Another Atlantic Salmon ID

cabezon

Sculpin Enterprises
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SilverFly

Active Member
O.K., I think that I got it. It is the body of a pelagic snail, probably Carinaria cristata (see https://www.mindenpictures.com/search/preview/glassy-nautilus-carinaria-cristata-san-diego-california/0_00445268.html). That blueish-conical thing is the shell. The clear body is part of the foot and visceral mass. The narrow arrowshaped object embedded in the jelly-like mass in the second picture is the digestive tract. Damn!!!

Steve
Great sleuthing Steve. So WTF? it's a mollusc trying to imitate a fish?
 

cabezon

Sculpin Enterprises
Great sleuthing Steve. So WTF? it's a mollusc trying to imitate a fish?
Hi Silverfly,
I don't know much about them. They must have a thin shell. An alternative name for the group is the glassy nautilus; their shells were highly prized for their rarity. The body must be close to neutrally bouyant. The foot is flattened and modified into a flat paddle for locomotion. They are predatory, primarily on gelatinous zooplankson likes salps and thaliaceans (see https://link.springer.com/article/10.1007/BF00389157). Here is a nice video of the Mediterranean species in the field:
. I suspect that these dead individuals were brought up the coast during the warm water of summer and early fall and died / were rendered moribund by the cooler water. They are eaten by tuna... [Might be a challenge to create a fly with that kind of action...]

Steve
 
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SilverFly

Active Member
So bizarre. Wouldn't even begin to try tying an imitation of that. You think you know what's in the ocean and something like this turns up. Almost looks like some of the weird shit from the Cambrian period. What's next to wash up, trilobites, or maybe anomalocaris?
 

cabezon

Sculpin Enterprises
So bizarre. Wouldn't even begin to try tying an imitation of that. You think you know what's in the ocean and something like this turns up. Almost looks like some of the weird shit from the Cambrian period. What's next to wash up, trilobites, or maybe anomalocaris?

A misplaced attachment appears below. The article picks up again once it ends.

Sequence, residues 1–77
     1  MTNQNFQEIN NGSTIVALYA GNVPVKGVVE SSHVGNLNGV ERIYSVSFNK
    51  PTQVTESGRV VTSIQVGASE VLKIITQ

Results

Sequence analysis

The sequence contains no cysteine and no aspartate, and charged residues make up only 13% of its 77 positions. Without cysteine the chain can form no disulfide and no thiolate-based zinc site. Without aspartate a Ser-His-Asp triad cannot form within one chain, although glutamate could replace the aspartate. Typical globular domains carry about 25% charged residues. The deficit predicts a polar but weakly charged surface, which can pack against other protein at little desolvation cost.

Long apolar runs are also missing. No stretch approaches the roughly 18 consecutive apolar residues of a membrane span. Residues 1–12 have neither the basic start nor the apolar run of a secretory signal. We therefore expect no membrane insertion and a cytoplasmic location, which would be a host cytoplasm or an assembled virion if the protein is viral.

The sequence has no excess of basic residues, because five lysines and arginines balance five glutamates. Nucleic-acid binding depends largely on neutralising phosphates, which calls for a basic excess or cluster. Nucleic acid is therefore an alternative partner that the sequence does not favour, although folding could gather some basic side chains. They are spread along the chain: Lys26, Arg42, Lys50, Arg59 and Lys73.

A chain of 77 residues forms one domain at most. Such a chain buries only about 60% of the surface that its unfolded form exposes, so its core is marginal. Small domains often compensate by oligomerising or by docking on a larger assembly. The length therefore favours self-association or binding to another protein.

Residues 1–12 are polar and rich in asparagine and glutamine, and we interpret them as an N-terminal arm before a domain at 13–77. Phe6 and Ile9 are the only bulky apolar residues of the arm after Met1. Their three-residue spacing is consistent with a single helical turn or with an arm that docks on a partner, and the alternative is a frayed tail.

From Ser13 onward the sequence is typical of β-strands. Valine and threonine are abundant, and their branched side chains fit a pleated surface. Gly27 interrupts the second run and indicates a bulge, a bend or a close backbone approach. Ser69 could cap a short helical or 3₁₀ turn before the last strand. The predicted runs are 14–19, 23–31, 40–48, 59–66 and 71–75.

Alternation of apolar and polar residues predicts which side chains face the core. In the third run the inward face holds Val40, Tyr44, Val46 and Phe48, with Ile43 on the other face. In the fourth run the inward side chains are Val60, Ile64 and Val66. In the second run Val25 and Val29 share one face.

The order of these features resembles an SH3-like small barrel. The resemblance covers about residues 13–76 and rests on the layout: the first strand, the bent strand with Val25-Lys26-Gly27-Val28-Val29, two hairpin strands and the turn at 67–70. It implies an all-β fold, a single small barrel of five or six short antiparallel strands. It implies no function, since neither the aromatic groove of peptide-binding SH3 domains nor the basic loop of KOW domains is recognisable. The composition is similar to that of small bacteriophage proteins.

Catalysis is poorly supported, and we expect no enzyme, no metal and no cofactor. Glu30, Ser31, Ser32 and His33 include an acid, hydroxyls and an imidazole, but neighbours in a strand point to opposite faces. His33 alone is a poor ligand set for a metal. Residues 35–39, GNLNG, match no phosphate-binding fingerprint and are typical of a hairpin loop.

If anomalocaris were still alive, I would be much more careful when diving. Similarly, if Humboldt squid foraged inshore, divers would have a lot more to worry about (see
). But you are exactly right about strange marine creatures that appear from time to time where you least expect them. That's one reason why I want to go snorkeling while we're on a tuna trip this coming summer. I'm sure that I'll see something cool... [or you'll have some cool video of something making me into its lunch, like a big-ass mako shark...]
Steve
 
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Jeremy Floyd

Veðrfölnir
An acquaintance of mine was on the coast this weekend and found several of these on the beach, any ideas?

My first thought was jelly, but there are eyes and fins. Another thought I had was dogfish, but I could find no proof of that theory. Lastly, I figured it was an Atlantic Salmon. I’m figuring my last guess is most likely the case.

View attachment 218766
I believe that’s actually “seaborne miggs” A la silence of the lambs..
 

SilverFly

Active Member
That's one reason why I want to go snorkeling while we're on a tuna trip this coming summer. I'm sure that I'll see something cool... [or you'll have some cool video of something making me into its lunch, like a big-ass mako shark...]
Steve
You wouldn't say that if you were on the first tuna trip I had this year. It was a bluesharkapalooza out there. Three times the numbers, and not just usual three to five footers. I'd guess the median length around 5' with several pushing 8'. Toss in a not-unlikely chance of mako's (like the big one you guys saw jump), and no way I'd be getting in the water out there. Some kind of selfie-stick with a waterproof camera would be great though.

And no way I'd get in the water with Humboldt squid!
 

cabezon

Sculpin Enterprises
You wouldn't say that if you were on the first tuna trip I had this year. It was a bluesharkapalooza out there. Three times the numbers, and not just usual three to five footers. I'd guess the median length around 5' with several pushing 8'. Toss in a not-unlikely chance of mako's (like the big one you guys saw jump), and no way I'd be getting in the water out there. Some kind of selfie-stick with a waterproof camera would be great though.

And no way I'd get in the water with Humboldt squid!
I'm happy to take chances, but not too crazy a chance - fine line... I have attached a picture that I took of one of about 30-40 5-7' gray reef sharks that were at a feeding frenzy that our live-aboard stimulated off Osprey Reef, east of the Great Barrier Reef.
GrayReefShark1365D18Sm.jpg
Those guys diving with the Humboldt's were wearing chain-mail armor. Of course, it would suck if one of those aggressive squid bit through one's air line....
Steve
 
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